Interview for Sounds • Saturday, October 5, 1974

Wife, player, mother, lover... Linda

Press interview • Interview of Linda McCartney
Published by:
Interview by:
Armando Gallo
Timeline More from year 1974

Other interviews of Linda McCartney

Moll of Kintyre

October 1992 • From Vanity Fair

Linda Lets Her Voice Be Heard

Nov 29, 1989 • From San Diego Union

Interview with Linda McCartney

1989 • From Diamond Hard Music Entertainment

McCartney Snaps Back

Feb 22, 1987 • From The Telegraph

'I'd like to know my photography could pay the rent'

Sep 21, 1982 • From The Guardian

Wings' Linda Speaks

Mar 25, 1978 • From Record Mirror

Five Wings & A Prayer in Texas

May 15, 1976 • From Record Mirror

Linda McCartney: Silly Love Songs

Apr 03, 1976 • From Sounds

Interviews from the same media

Trying to keep things loose

Nov 20, 1971 • From Sounds

Wings: just a road band

Jul 15, 1972 • From Sounds

Paul McCartney in the Talk-In

Dec 02, 1972 • From Sounds

Denny Laine - The talk-in

Dec 16, 1972 • From Sounds

Henry McCullough In The Talk-In

Apr 14, 1973 • From Sounds

Wings Fly Home Intact

Dec 01, 1973 • From Sounds

Showdown in Nashville Tennessee?

Aug 31, 1974 • From Sounds

Linda McCartney: Silly Love Songs

Apr 03, 1976 • From Sounds

A pilgrimage to see St Paul

Jun 26, 1976 • From Sounds

Water Wings - McCartney waives the rules

Aug 20, 1977 • From Sounds

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PAUL MCCARTNEY was one of the most sought-after eligible bachelors in Britain when Linda Eastman, a well-known photographer in the New York art world, came to live with him in St. John’s Wood, London. A divorcee with a daughter of five called Heather, Linda married Paul a few months later. There was a feeling of confusion, happiness and regret among the many fans who daily crowded the street where Paul lived.

The couple still live at the same place and to the McCartney family have been added two more little girls, Mary (5) and Stella (3). Under the tremendous musical influence of Paul, Linda has learned to play keyboard instruments and has become part of Wings, the band formed by Paul after the Beatles broke up.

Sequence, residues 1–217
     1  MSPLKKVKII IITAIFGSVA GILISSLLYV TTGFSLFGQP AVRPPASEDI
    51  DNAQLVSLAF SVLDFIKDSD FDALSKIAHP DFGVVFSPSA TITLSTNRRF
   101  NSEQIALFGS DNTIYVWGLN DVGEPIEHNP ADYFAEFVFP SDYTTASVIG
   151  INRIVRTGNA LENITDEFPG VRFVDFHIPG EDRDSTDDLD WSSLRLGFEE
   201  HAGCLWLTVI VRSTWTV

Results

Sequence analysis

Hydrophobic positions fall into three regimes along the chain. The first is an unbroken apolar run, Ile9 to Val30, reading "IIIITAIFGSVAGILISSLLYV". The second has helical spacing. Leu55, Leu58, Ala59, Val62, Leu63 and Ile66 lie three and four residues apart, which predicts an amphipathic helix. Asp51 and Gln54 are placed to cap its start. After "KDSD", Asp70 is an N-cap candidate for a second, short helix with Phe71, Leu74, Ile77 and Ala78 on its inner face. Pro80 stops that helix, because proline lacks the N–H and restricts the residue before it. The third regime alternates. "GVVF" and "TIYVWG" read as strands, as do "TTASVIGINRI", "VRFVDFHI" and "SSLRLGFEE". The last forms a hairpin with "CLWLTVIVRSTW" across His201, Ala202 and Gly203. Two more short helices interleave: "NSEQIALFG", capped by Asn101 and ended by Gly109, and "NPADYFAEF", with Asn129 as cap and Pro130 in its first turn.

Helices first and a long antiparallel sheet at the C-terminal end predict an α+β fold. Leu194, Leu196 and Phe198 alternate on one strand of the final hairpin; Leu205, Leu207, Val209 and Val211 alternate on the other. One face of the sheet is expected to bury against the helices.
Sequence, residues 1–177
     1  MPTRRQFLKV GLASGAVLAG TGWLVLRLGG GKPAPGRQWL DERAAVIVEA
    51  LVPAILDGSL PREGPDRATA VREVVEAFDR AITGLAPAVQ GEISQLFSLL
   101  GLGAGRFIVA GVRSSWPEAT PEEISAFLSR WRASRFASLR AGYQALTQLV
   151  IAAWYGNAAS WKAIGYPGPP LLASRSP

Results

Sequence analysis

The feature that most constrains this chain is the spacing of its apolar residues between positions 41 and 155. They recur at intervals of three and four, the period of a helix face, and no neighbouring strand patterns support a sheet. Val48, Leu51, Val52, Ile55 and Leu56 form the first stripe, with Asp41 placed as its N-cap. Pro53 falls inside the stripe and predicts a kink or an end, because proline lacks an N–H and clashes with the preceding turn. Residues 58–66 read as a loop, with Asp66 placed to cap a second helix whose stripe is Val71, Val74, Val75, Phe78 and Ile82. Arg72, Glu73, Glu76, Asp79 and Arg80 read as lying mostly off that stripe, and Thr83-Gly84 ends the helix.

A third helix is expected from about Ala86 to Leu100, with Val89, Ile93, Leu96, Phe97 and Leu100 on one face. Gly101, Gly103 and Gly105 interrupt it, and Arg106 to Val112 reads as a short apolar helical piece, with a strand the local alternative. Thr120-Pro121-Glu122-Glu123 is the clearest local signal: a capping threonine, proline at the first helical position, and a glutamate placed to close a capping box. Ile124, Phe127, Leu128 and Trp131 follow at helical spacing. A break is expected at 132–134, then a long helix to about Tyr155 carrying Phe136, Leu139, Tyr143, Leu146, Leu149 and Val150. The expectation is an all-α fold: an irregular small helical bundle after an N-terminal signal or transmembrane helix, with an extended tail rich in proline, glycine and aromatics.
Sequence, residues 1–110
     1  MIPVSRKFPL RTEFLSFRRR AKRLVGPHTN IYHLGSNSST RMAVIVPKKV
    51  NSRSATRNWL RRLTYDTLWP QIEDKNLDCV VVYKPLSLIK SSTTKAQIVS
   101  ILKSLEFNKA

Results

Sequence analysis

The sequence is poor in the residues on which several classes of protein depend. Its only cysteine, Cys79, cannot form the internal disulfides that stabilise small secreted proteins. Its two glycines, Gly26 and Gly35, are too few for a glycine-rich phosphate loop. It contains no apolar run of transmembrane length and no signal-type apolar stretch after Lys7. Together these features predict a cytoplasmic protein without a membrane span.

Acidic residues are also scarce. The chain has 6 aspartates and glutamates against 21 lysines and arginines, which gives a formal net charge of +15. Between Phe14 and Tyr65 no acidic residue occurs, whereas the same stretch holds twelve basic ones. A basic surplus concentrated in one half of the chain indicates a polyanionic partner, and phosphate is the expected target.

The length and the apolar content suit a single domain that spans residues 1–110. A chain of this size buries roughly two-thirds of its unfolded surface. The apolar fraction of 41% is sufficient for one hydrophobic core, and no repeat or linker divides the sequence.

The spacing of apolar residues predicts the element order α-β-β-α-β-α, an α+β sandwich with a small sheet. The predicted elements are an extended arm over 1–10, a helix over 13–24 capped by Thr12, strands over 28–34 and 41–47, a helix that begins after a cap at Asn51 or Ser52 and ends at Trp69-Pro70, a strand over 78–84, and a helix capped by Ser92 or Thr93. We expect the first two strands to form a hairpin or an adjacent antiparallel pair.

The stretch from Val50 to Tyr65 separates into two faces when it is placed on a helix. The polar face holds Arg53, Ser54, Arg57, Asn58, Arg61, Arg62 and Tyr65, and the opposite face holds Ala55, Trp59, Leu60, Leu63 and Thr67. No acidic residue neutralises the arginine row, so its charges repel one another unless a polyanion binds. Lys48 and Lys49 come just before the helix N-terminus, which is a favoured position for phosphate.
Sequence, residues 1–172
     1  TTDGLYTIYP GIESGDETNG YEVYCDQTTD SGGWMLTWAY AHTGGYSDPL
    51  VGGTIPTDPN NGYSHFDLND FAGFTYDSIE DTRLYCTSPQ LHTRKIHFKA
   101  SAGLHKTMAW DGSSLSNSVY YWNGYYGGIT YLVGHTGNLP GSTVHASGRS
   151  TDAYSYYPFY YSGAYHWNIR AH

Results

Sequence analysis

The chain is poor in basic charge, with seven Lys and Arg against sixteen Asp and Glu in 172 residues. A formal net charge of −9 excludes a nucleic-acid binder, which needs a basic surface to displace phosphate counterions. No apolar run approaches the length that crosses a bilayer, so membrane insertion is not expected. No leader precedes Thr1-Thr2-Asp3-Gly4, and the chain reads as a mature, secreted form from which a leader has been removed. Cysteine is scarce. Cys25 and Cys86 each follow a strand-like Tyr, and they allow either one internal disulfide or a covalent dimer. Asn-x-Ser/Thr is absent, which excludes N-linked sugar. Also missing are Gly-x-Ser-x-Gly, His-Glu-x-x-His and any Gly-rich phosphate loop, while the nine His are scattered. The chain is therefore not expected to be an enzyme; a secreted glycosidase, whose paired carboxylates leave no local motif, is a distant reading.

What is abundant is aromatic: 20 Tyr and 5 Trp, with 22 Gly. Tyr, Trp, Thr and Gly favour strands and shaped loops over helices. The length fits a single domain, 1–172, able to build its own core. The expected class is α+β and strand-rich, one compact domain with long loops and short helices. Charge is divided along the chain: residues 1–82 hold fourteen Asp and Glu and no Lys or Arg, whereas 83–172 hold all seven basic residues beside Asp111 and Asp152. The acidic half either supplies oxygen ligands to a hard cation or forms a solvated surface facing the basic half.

“Band On The Run”, their last album on world wide release now for the past 12 months, has become a gigantic hit reaching number one on both sides of the Atlantic and in many other countries around the world.

Linda talks about the new Wings, the new album, a new TV film and a future international tour. And she takes a close look at her marriage.

What have you been doing since the release of “Band On The Run?”

After we recorded the album, we thought we had better get a new band together because we had only me, Paul and Denny (Laine) who did “Band On The Run”, and so if we wanted to play live we couldn’t. We asked Jimmy McCulloch, who is a very good guitar player, if he wanted to join the band he said yes then we listened to 52 drummers and we picked one we thought would be good, Jeff Britton, a good heavy drummer who used to be with the Wild Angels.

We thought we’d go and rehearse somewhere rather than staying in England, we’d go to America, to Nashville, Tennessee, to rehearse the band and see if it worked out. While in Nashville we recorded about five tracks… one is a song written by Paul’s dad called “Walking In The Park With Eloise”, just music. When Paul was a little boy, about 10, even younger, he remembers sitting at the foot of the piano while his dad was playing this song. We were having dinner with Chet Atkins, the guitar player, one night in Nashville, and Paul had being playing a lot of his music for Chet and he said, “here, here’s one that my dad wrote long time ago” –  and he started playing it.

Chet got talking to Paul, saying that the song should be recorded and that would be nice for his dad and so on. We thought, why not? So we got Chet playing on it and Floyd Cramer the piano player and Chet himself got together a nice little band called Country Hams with lots of other Nashville people. So there’s this single called “Walking In The Park With Eloise” by Country Hams coming out on EMI in a couple of weeks.

Any other good new singles by Wings?